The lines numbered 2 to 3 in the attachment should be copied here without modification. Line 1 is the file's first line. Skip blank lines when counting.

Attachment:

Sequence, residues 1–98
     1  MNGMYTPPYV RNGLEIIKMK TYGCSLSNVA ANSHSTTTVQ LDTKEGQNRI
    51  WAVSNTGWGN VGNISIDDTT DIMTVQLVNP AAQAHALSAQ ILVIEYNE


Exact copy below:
     1  MNGMYTPPYV RNGLEIIKMK TYGCSLSNVA ANSHSTTTVQ LDTKEGQNRI
    51  WAVSNTGWGN VGNISIDDTT DIMTVQLVNP AAQAHALSAQ ILVIEYNE